SC being something of a night owl ([check the time stamps, folks, he's nuts -- ed.]), he often likes to watch the late-night offerings of the Cartoon Network. Not the really weird, you-have-to-be-drinking-whatever's-in-the-Atlanta-water-to-get-it stuff, but the dubbed versions of various Japanese anime.
Among connoisseurs of the genre, there's a fairly healthy contempt for dubbed translations, as opposed to subtitled versions. The reasoning for this has always escaped your host, but there seems to be a prejudice towards believing that subtitles are accurate translations, while dubbed versions are not. Or that the experience of watching subtitles is somehow more "authentic". For SC's part, he's not having any of it.
Some translations are so hopelessly anachronistic that they couldn't possibly be accurate, though; in particular, your host has been noticing the late-'90s and '00s references inserted into the translations of a show called Lupin the Third. It's not hard to figure out that most of the show has to have been animated 25-30 years ago just by looking, a fact readily confirmed here. In spite of the obviously wrong context, recently-aired episodes have included lines like:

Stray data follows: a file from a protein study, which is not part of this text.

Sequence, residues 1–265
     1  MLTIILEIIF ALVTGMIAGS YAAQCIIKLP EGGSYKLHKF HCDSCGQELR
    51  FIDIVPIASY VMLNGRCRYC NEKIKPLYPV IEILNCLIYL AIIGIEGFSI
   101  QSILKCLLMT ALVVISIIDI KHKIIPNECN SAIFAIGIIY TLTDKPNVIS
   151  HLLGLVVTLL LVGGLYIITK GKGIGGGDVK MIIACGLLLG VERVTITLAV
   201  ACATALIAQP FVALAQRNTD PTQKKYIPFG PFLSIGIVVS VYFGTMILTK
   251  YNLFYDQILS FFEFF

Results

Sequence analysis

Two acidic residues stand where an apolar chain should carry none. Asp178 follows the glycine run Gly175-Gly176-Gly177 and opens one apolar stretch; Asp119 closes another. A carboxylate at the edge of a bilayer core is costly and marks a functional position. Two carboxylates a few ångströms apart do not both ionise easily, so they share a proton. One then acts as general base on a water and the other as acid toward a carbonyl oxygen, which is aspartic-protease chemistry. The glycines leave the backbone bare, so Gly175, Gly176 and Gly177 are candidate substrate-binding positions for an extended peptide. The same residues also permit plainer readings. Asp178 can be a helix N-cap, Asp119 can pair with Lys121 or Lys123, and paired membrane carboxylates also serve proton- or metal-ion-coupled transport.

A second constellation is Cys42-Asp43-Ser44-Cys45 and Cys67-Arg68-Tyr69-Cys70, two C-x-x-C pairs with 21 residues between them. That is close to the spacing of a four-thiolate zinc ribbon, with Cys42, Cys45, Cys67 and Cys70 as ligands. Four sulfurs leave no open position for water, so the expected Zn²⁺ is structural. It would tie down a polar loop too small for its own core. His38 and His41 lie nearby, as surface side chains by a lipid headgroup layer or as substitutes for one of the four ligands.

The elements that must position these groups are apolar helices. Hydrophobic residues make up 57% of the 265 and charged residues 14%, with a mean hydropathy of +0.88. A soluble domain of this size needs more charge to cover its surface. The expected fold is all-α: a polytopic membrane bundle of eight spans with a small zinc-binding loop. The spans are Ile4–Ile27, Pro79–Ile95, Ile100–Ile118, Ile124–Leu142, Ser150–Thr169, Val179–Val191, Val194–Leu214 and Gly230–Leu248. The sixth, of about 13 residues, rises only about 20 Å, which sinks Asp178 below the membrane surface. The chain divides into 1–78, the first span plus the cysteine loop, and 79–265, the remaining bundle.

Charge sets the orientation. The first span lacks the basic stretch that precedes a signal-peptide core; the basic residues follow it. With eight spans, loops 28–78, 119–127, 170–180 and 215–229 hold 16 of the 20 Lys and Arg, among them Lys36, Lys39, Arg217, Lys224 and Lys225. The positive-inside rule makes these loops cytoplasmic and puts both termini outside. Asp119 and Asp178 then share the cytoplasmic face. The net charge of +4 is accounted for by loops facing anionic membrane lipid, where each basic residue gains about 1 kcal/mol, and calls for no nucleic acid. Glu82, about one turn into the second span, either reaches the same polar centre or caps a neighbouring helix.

"He's strong enough to bench-press Shaq" (who didn't play in the NBA until 1992)
"Never call the game over while Reggie Miller or Lupin is on the floor" (Mr. Miller's reputation being sealed by a legendary performance in the last sixteen seconds of game 1 of the 1995 NBA Eastern Conference semifinals)
A recurring joke has been the habit of an Inspector Clouseau-like character to sing the song "Wind Beneath My Wings", a song which dates to 1982 originally, and didn't really take off in popularity until Bette Midler's 1988 version.
So the judgment of the translators has been that a better product would result by abandoning literal accuracy as a goal in favor of using more culturally salient references (not to mention more recent ones). SC can hear the self-styled anime purists screaming, but excellent justification for this approach is provided by an interesting essay that Languagehat recently discussed. It's hard to deny that the result is entertaining, and faithful at least to the spirit of the show (it's a comedy) if not to the word-by-word text. Admittedly, cognitive dissonance arises from hearing such obviously current dialogue in the mouths of such obviously dated characters, but your host's feeling is that this is a rather small price to pay to have the show at all.